No. 561 Pittsburgh, 1981, Appeal from the Orders dated April 22, 1981 and April 30, 1981, Court of Common Pleas, Civil Action, Beaver County, at No. 876 of 1980.
Nancy J. Gellman, Philadelphia, for appellant.
John Miller, Beaver Falls, for appellee.
McEwen, Johnson and Watkins, JJ.
[ 309 Pa. Super. Page 84]
The orders appealed from granted plaintiff-appellee's motion for summary judgment in her suit against the appellant insurance company [Aetna] for work loss benefits under the Pennsylvania No-fault Motor Vehicle Insurance Act [No-fault Act],*fn1 following the death of her husband in an automobile accident. The orders also awarded interest on the benefits to be paid at the rate of 18%, and attorney's fees, and denied Aetna's cross-motion for summary judgment.
Appellee [Shirleen Baker] brought suit in assumpsit, individually and as administratrix of her husband's estate, after the denial by Aetna of her claim for work loss benefits. The date of the fatal accident was February 10, 1978. On April 12, 1979, this court ruled that a widow whose husband was killed in an automobile accident was entitled under the No-fault Act to recover the work loss benefits which he would have recovered under his insurance contract if he had been permanently disabled. Heffner v. Allstate Insurance Co., 265 Pa. Super. 181, 401 A.2d 1160 (1979), aff'd, 491 Pa.
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, 421 A.2d 629 (1980) [hereinafter Heffner ]. On April 18, 1979, appellee presented a claim to Aetna for work loss benefits, under the rule of Heffner. By letter dated August 10, 1979, Aetna denied the claim for work loss benefits on the grounds that it did "not accept [Heffner] as the law of Pennsylvania".*fn2 Mrs. Baker's complaint was thereafter filed on May 13, 1980. The supreme court's opinion affirming this court's decision in Heffner was filed on September 22, 1980.
The trial court awarded the work loss benefits, relying on Heffner, which, as is explained in the opinion by Judge WALKO, it determined should be applied retroactively to cases where the cause of action accrued before the decision but where the complaint was filed after the decision.*fn3 The trial court based its award of interest on the applicable section of the No-fault Act, 40 P.S. § 1009.106(a)(2), and on the decision of our supreme court in Hayes v. Erie Insurance Exchange, 493 Pa. 150, 425 A.2d 419 (1981). The trial court based its award of attorney's fees on the No-fault Act § 1009.107(3), finding that Aetna's denial of the claim was without reasonable foundation.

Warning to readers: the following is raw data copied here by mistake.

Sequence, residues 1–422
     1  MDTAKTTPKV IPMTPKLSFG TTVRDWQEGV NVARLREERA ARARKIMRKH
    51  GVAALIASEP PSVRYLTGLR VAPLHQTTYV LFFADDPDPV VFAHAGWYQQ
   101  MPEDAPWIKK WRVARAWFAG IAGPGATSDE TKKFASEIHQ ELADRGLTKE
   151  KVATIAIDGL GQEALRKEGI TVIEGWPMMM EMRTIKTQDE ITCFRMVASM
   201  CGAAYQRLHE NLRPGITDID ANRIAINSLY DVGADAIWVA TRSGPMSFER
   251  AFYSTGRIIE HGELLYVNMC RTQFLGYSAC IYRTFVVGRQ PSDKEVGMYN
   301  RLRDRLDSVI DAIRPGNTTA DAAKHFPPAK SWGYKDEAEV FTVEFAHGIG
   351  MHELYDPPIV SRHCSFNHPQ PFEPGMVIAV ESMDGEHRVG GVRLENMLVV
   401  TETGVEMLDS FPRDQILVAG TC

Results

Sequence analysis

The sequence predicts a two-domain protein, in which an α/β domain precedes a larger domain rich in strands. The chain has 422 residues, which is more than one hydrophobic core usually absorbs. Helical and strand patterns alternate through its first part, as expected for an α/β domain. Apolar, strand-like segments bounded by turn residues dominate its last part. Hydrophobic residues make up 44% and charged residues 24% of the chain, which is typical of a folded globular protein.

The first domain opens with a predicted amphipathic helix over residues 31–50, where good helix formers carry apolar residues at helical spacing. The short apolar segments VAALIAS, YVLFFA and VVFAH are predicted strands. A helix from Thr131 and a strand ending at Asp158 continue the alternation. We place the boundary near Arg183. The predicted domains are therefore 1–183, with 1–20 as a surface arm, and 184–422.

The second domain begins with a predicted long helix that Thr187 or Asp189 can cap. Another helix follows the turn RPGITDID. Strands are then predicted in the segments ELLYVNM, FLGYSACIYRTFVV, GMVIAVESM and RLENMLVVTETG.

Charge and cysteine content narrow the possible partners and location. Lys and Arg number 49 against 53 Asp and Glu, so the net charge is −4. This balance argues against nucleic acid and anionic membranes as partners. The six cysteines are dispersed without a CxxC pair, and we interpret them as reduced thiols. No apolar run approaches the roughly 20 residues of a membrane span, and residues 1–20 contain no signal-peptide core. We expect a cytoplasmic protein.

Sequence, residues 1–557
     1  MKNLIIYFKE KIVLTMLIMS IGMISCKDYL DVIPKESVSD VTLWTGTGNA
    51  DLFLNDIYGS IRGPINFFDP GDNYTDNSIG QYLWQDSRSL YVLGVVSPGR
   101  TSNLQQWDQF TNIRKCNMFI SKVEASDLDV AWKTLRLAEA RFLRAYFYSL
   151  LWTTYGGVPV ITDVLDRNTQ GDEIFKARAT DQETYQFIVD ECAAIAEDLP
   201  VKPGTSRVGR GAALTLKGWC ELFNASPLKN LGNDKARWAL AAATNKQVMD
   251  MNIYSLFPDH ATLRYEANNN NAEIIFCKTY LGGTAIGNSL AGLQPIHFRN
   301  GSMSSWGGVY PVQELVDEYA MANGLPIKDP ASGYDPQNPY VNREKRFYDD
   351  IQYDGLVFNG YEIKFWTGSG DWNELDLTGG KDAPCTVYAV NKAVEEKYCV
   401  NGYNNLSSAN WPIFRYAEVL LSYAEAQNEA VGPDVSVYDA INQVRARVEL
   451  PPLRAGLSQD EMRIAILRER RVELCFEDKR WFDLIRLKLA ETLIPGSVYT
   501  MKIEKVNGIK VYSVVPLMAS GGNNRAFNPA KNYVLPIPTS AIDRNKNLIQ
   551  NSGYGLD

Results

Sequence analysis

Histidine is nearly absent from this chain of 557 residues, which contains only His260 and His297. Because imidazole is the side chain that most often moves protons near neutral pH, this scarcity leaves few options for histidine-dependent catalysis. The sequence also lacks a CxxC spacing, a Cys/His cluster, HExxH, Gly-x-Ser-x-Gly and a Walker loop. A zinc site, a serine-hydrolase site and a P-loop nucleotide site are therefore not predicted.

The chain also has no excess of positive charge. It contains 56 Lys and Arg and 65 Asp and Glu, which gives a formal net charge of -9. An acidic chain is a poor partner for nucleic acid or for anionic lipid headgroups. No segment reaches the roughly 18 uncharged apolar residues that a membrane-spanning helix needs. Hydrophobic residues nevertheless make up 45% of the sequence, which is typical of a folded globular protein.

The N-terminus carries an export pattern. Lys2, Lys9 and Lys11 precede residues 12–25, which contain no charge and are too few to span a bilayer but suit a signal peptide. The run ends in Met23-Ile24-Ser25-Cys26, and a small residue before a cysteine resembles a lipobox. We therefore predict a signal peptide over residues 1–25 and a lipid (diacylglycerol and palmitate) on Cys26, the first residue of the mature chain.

The Retroactivity of Heffner.
In Pennsylvania, judicial decisions are normally retroactive, and the construction placed by the court upon a
[ 309 Pa. Super. Page 86]
statute becomes part of the act from the very beginning. August v. Stasak, 492 Pa. 550, 424 A.2d 1328 (1981); Buradus v. General Cement Products Co., 159 Pa. Super. 501, 48 A.2d 883 (1946), aff'd, 356 Pa. 349, 52 A.2d 205 (1947).*fn4 A court's interpretation will be applied to cases arising from the time of the enactment of the statute unless vested rights are affected. Ettinger v. Central Penn National Bank, 634 F.2d 120 (3d Cir.1980); Kuchinic v. McCrory, 422 Pa. 620, 222 A.2d 897 (1966).
In two recent cases in Pennsylvania where our supreme court ruled that its decision was to be applied prospectively only, the court made it quite clear that prospective application of a new rule is still the exception rather than the usual practice. See Incollingo v. Ewing, 444 Pa. 263, 299, 282 A.2d 206 (1971) (supreme court adopted the net earnings measure of damages in survival actions, overruling century-old rule that damages were to be awarded on the basis of the decedent's gross earnings). In deciding to make the new rule purely prospective the court said:
[W]e do not treat this portion of our opinion as establishing a precedent for a general use of the prospective application technique. That the application is unusual and should be used but sparingly we candidly admit. We are mindful, however, of more than the deserving efforts of appellants in seeking renovation of an unsound or outmoded legal proposition; we look to the ultimate justice of the particular case before us. We must attempt to weigh the equities and determine the injustice caused by
[ 309 Pa. Super. Page 87]
allowing the century-old Radobersky rule its one last gasp in a case where the justified expectations of the plaintiffs would otherwise be defeated.
Incollingo v. Ewing, 444 Pa. at 311, 282 A.2d at 230. See also, Catherwood's Trust, 405 Pa. ...